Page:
In this article, we will discuss about the Extensor pollicis brevis muscle. So, let’s get started.
Extensor pollicis brevis muscle
It originates from the interosseous membrane, and lower 1/3rd of the posterior part of the radius and gets inserted into the posterior surface of base of the proximal phalanx of the thumb. It is innervated by the posterior interosseous nerve (branch of the radial nerve) and artery supply is through the posterior interosseus artery. Its chief action is extension of the thumb at the metacarpophalangeal joint, abduction of carpometacarpal joint, and assists in radial deviation.
In this article, we will discuss about Myofascial trigger points. So, let’s get started.
Myofascial trigger points
Myofascial trigger points are discrete, focal, hyperirritable or hypersensitive soft tissue areas/spots (taut like band) that are felt like palpable nodules. They produce pain locally or in a referred pattern often acompanied by chronic musculokeletal disorders. Repetitive stress, acute trauma or microtrauma often leads to developoment of myofascial trigger points. Symptoms includes persistent pain (localized or referred), tenderness of the affected region, and decreased range of motion of the affected muscle. On palpation the trigger points are felt harder than normal consistency, nodular, and occasionally tender. Management includes Spray and Stretch technique, Trigger point pressure release technique, Myofascial release therapy, and Trigger point injection such as dry needling are some of the effective treatment modalities for trigger point pain relief.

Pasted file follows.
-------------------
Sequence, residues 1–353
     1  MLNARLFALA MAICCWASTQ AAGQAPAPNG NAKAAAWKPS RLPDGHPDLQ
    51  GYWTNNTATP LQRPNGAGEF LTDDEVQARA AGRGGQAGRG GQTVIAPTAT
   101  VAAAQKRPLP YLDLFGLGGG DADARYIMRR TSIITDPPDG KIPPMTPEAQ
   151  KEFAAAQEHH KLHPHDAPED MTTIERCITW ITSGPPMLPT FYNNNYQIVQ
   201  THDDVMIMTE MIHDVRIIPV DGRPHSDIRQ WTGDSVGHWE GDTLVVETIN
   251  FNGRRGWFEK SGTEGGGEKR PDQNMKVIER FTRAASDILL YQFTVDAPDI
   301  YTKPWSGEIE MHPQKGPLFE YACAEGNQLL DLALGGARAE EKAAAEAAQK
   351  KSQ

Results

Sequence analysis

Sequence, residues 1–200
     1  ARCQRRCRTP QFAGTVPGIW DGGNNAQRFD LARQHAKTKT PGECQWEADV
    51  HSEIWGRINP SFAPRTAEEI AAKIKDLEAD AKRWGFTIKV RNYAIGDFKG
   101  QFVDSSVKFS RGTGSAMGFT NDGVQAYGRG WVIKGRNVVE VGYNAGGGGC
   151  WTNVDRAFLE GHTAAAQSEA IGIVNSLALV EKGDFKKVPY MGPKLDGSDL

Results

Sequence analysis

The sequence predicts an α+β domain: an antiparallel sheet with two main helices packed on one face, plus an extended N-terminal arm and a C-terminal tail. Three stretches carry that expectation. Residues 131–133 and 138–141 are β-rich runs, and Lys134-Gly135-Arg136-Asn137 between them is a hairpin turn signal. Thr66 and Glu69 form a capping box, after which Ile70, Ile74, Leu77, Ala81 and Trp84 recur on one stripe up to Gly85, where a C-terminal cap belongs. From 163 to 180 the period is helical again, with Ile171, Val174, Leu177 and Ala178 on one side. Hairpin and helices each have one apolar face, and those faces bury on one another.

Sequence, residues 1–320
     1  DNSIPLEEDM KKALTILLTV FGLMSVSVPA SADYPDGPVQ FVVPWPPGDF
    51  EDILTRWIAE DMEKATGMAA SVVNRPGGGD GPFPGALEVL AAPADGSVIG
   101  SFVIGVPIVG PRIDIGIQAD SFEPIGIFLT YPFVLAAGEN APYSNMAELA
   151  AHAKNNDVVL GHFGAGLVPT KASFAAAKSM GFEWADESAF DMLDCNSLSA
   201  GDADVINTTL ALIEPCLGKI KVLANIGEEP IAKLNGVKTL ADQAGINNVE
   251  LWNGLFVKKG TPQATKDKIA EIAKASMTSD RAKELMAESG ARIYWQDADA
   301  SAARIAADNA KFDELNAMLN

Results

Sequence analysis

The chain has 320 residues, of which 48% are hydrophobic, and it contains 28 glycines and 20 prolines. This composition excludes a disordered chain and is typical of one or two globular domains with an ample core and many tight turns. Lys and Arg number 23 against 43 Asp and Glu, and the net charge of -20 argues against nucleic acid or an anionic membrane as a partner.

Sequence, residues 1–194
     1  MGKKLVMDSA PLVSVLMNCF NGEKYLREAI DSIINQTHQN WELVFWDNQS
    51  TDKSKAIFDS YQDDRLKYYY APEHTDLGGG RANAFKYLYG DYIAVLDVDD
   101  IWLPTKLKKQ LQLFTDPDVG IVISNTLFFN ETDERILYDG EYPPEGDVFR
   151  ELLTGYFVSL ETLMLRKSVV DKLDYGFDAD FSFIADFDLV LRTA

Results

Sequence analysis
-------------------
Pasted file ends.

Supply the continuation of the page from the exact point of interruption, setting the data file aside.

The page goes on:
Diiferent types of trigger points
Primary and Secondary/Central and Satellite trigger points
Primary or Central trigger points are local trigger points which when palpated produces pain. Specific characteristics includes that they are well-established, high intensity pain zone, and are present at or in the vicinity of neuromuscular junction.
Secondary or Satellite trigger points are present in the neighbouring areas of the central trigger points within the referred pain zone.
Active and Latent trigger points
Active trigger points can be applied to both central and satellite trigger points, they are tender to palpation and elicits a referred pain pattern. Pain can limit range of motion
Latent trigger points are not painful and do not elicits any referred pain. Although their presence leads to increased muscle tension/tighteness and stiffness. Force palpation or stimulation such force muscular activity or trauma or acute injury can re-activate an inactive trigger point.
We will further differentiate between active and latent trigger points as stated below